A couple who terminated twin boys conceived through IVF are fighting to choose the sex of their next child - because they want a girl.
In a case that raises the ethical question of sex selection, the couple have taken their fight to the Victorian Civil and Administrative Tribunal. They already have three sons and said they now want to have a girl after their baby daughter died.
An independent panel, known as the Patient Review Panel, rejected the couple's bid to choose the gender of their next child using IVF. They now want that decision overturned. The tribunal, which ruled it has the power to review the earlier decision, will hear the case in March.
The couple said they had made the decision to terminate the twin boys but could not continue to have unlimited numbers of children.
If their bid to have a daughter fails, they said they would go to US so they can conceive a girl.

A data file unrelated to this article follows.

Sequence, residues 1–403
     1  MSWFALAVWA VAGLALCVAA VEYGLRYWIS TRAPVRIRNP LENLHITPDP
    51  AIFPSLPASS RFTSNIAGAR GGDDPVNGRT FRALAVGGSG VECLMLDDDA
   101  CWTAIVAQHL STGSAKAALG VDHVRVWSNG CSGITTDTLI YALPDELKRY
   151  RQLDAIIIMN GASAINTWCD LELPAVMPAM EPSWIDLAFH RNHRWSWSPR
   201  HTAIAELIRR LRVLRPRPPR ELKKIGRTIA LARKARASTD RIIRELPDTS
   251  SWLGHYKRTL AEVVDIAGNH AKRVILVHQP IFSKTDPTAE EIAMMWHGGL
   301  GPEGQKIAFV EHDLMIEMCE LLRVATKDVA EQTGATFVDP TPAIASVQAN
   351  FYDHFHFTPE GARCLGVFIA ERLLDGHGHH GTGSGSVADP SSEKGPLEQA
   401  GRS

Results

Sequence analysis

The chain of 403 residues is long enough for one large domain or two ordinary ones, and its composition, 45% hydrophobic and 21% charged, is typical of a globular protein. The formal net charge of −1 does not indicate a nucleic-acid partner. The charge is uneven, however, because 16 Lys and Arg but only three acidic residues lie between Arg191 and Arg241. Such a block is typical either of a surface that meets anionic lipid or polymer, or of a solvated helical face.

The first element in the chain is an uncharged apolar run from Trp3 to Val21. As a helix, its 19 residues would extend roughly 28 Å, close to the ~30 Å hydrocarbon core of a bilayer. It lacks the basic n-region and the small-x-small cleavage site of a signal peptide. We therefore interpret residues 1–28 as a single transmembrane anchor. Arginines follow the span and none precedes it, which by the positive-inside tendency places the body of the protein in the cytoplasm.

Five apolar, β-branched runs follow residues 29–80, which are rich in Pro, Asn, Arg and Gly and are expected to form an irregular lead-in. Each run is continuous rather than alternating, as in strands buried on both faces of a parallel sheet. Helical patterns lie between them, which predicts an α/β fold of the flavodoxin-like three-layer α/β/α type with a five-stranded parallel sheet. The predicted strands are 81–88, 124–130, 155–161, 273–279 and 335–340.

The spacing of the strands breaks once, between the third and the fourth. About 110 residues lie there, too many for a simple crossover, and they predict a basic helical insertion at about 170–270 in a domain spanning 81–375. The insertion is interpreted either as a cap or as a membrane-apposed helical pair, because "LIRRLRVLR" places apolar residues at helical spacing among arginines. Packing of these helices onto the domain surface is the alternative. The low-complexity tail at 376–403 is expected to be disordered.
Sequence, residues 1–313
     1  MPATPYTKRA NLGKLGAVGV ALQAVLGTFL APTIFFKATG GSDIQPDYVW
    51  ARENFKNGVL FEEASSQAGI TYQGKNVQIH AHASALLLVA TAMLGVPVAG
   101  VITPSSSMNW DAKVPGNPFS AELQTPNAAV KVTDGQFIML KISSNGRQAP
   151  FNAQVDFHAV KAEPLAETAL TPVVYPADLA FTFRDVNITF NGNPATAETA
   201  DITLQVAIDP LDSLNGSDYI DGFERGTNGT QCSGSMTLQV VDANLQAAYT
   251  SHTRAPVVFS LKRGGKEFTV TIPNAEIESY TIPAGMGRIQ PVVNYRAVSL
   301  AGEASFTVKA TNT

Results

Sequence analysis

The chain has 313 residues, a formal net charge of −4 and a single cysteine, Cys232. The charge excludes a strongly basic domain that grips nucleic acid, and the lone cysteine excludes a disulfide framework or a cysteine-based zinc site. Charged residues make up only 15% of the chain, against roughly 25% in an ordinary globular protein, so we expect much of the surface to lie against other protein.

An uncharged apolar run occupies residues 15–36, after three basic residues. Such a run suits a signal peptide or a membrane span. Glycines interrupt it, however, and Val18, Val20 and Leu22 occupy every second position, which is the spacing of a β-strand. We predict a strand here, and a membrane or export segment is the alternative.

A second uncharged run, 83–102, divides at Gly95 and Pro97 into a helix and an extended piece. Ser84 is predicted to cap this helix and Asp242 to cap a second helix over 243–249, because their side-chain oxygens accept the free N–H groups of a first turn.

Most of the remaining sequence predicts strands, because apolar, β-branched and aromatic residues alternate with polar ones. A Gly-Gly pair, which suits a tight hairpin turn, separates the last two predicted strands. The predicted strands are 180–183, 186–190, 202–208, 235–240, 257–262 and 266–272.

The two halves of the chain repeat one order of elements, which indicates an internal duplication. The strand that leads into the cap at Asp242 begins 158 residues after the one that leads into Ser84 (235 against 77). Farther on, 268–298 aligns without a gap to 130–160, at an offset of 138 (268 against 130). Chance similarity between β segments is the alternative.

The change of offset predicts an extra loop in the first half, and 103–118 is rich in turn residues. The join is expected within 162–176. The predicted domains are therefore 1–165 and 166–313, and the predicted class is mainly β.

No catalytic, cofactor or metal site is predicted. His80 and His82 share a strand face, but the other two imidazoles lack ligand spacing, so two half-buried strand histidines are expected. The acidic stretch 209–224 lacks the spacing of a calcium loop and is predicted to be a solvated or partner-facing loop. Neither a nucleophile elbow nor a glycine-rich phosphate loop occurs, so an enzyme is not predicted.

The woman - in her 30s - said she loved her sons but would do anything to have a daughter. "After what we have been through we think we are due for a bit of luck," the man said.
"We know we definitely won't be replacing her in any way, but want the chance to have the baby girl we don't have."
According to Victorian law, sex selection is banned unless it is necessary to avoid the risk of transmission of a genetic abnormality or disease or the Patient Review Panel has approved such using of an embryo.
All IVF clinics in Australia also subscribe to a code of ethics, including that they stay within National Health and Medical Research Council guidelines which say sex selection should not be done except to reduce the transmission of a serious genetic condition.
The man said sex selection should be determined on a case-by-case basis. "Girls will go and get abortions and terminate when they know it's not the right sex," he said. "That's the reality.
"We think it's our right to have a chance to do it. It's ridiculous that sex selection is illegal, actually."
Australian IVF pioneer Gab Kovacs said he could not understand why the couple should be banned from having a girl.
"I can't see how it could possibly harm anyone," Professor Kovacs said.
"Laws should be made to protect people from things that are going to damage them. Why should we make this illegal? Who is this going to harm if this couple have their desire fulfilled?"